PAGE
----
Mujatria

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Mujatria
Indo-Scythian king
Hajatria Northern Satrap.jpg
Coin of Mujatria. Obv. Azes riding, with Greek legend "ΒΑΣΙΛΕΩΝ ΒΑΣΙΛΕΩΝ ΜΕΓΑΛΟΣ ΑΖΟΥ ("Great king of kings Azes") Rev. Kṣatrapasa Kharaosta putrasa Mujatriasa, "Mujatria, son of Satrap Kharahostes", Herakles sitting.
Reign c. 10 CE
Coin of Mujatria in his own name.
Obv Blundered Greek legend with king on horse.
Rev Kharoshthi legend Kṣatrapasa Kharaosta putrasa Mujatriasa "Mujatria, son of the Satrap Kharahostes.[1]
Mujatria coin, deity standing.
According to Joe Cribb (2015), this coin type, usually attributed to Kharahostes, may belong to his son Mujatria.[2]

Mujatria, previously read Hajatria (ruled circa 10 CE, or 40-50 CE according to more recent research based on numismatics),[3] is the name of an Indo-Scythian ruler, the son of Kharahostes as mentioned on his coins.[3]

The archaeologists had discovered coins issued by a "son of Kharahostes," but the actual name of the person had been missing on these coins.[4] The name of the ruler on the coins has finally been read as "Mujatria".[5] His father Kharahostes is known through epigraphical evidence from inscribed reliquaries to have already been a king when the Indravarman Silver Reliquary was dedicated, which is itself positioned with certainty before the 5-6 CE Bajaur casket.[6] Therefore the rule of Kharahostes is usually estimated to 10 BCE- 10CE, which suggests Mujatria would have ruled circa 10 CE- 30 CE.

According to Sten Konow's study of the Mathura lion capital, this person may have been Hayuara, who was the brother-in-law of Rajuvula. He ruled from around 10 CE as a satrap of the Mathura area. He is only known through his coins.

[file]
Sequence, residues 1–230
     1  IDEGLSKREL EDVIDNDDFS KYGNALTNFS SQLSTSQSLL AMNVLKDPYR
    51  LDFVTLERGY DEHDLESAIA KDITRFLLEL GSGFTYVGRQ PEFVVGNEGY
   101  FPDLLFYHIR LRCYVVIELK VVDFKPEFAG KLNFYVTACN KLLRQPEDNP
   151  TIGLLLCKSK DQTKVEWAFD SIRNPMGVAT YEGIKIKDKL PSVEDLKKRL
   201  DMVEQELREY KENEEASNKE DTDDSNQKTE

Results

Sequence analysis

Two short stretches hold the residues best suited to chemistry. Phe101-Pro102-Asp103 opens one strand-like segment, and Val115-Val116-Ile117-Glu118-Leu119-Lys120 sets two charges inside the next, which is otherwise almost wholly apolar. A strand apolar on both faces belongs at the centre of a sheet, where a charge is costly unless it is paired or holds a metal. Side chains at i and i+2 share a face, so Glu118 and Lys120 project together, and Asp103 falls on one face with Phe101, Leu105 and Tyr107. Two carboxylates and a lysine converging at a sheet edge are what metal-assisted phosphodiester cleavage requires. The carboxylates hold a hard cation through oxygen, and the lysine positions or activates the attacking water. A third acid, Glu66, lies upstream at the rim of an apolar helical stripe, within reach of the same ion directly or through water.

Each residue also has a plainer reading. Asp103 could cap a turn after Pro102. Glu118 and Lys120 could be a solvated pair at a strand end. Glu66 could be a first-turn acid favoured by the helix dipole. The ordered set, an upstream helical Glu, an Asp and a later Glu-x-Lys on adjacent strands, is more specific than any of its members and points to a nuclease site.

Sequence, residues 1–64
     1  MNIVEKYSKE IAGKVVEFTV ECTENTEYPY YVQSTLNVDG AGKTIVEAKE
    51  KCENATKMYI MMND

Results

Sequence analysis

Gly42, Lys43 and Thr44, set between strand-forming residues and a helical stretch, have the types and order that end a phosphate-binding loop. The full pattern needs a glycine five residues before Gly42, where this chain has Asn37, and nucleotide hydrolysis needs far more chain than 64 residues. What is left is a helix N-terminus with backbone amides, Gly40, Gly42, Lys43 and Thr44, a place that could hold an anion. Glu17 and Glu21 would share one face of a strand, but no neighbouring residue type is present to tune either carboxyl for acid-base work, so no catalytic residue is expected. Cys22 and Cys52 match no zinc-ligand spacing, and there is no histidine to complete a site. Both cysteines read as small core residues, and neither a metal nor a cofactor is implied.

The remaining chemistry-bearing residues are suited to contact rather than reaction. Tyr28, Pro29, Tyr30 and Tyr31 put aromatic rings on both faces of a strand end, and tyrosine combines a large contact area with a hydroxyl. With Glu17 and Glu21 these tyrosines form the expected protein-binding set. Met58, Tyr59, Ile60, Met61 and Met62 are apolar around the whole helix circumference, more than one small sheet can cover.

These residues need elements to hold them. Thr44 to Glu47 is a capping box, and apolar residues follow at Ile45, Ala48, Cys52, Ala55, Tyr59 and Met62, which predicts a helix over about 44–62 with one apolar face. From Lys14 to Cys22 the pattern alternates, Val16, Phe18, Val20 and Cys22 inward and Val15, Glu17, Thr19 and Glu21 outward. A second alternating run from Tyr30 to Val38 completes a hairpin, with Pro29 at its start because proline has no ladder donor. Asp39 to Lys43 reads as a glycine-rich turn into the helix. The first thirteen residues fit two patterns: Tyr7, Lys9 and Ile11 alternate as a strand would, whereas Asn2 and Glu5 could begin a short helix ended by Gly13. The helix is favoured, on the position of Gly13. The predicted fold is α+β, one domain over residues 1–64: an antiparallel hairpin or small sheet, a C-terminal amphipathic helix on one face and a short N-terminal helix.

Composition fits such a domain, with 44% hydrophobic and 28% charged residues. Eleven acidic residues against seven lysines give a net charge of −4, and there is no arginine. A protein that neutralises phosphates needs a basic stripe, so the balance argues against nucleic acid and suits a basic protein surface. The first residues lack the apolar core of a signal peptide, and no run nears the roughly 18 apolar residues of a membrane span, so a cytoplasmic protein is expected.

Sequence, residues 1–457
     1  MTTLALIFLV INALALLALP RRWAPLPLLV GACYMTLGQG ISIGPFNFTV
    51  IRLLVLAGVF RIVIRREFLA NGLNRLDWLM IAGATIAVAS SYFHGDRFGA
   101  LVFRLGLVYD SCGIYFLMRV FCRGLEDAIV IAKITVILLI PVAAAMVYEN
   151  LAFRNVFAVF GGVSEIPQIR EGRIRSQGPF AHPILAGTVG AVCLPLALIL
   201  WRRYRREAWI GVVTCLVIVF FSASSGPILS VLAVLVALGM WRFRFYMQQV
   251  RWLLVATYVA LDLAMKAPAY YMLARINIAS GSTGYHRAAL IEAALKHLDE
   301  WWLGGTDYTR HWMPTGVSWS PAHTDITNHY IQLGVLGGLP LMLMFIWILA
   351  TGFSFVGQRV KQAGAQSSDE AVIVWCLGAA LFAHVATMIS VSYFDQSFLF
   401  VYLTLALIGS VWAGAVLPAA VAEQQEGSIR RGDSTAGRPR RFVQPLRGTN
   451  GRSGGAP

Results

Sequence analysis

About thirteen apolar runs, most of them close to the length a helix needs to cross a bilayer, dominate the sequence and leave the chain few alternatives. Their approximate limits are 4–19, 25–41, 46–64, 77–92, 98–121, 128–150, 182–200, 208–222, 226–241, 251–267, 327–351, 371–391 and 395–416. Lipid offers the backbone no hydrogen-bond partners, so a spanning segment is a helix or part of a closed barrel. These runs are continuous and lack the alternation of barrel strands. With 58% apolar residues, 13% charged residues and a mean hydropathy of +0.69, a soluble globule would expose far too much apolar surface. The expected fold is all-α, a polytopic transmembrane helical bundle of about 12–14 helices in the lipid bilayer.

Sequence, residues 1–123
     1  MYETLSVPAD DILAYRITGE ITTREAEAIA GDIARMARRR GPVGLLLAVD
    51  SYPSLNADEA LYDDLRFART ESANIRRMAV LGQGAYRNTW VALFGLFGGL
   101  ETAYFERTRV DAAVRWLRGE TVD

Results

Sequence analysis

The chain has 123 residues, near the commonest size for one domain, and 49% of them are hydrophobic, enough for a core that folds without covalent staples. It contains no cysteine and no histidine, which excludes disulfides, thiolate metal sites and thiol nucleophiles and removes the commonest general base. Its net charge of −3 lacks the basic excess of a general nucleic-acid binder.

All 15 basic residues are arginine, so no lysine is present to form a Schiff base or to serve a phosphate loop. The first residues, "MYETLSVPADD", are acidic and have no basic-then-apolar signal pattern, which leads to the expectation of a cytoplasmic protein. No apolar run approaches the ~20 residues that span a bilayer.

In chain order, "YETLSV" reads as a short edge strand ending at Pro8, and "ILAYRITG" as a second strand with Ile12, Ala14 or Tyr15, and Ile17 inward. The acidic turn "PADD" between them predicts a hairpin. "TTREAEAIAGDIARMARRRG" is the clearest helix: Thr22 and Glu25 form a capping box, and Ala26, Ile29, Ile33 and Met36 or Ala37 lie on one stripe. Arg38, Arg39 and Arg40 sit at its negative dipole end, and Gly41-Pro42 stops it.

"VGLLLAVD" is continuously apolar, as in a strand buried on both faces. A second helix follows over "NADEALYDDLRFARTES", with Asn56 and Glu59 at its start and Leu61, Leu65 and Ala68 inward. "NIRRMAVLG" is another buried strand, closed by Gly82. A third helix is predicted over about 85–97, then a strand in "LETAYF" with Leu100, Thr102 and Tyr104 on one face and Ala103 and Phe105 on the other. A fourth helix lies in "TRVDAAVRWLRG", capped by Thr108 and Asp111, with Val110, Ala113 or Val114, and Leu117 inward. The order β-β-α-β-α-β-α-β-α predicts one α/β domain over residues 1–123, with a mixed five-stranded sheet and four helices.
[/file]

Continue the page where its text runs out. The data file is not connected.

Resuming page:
According to Joe Cribb however, the actual Mujiatria was located in the region of Jalalabad in eastern Afghanistan and lived in the later part of the 1st century CE.[7]

A recent study (2015) by Joe Cribb suggests that the round debased silver coins with three-pellet symbols in the name of Azes, usually attributed to his father Kharahostes, should actually be attributed to Mujatria.[2] The Bimaran casket may therefore have been dedicated during the reign of Mujatria.[5]

Overstrikes of the Kushan ruler Wima Takto on Mujatria coins are known. This, together with various hoard finds, suggests the contemporaneity of Mujatria with the Kushan ruler Kujula Kadphises, predecessor of Wima Takto, and the Indo-Scythian ruler Sasan.[8]

References[edit]

  1. ^ Dating and Locating Mujatria and the two Kharaostes, Joe Cribb, 2015, p.46-47, type 11a [1]
  2. ^ a b Dating and Locating Mujatria and the two Kharaostes, Joe Cribb, 2015, p.43-44, type 11a [2]
  3. ^ a b Dating and Locating Mujatria and the two Kharaostes, Joe Cribb, 2015, p.27-48 [3]
  4. ^ Taxila. CUP Archive. pp. 774–. GGKEY:U0HKEEZAW0R. Retrieved 8 March 2012. 
  5. ^ a b Dating and Locating Mujatria and the two Kharaostes, Joe Cribb, 2015
  6. ^ An Inscribed Silver Buddhist Reliquary of the Time of King Kharaosta and Prince Indravarman, Richard Salomon, Journal of the American Oriental Society, Vol. 116, No. 3 (Jul. - Sep., 1996), pp. 442 [4]
  7. ^ Dating and Locating Mujatria and the two Kharaostes, Joe Cribb, 2015, p.28-29 [5]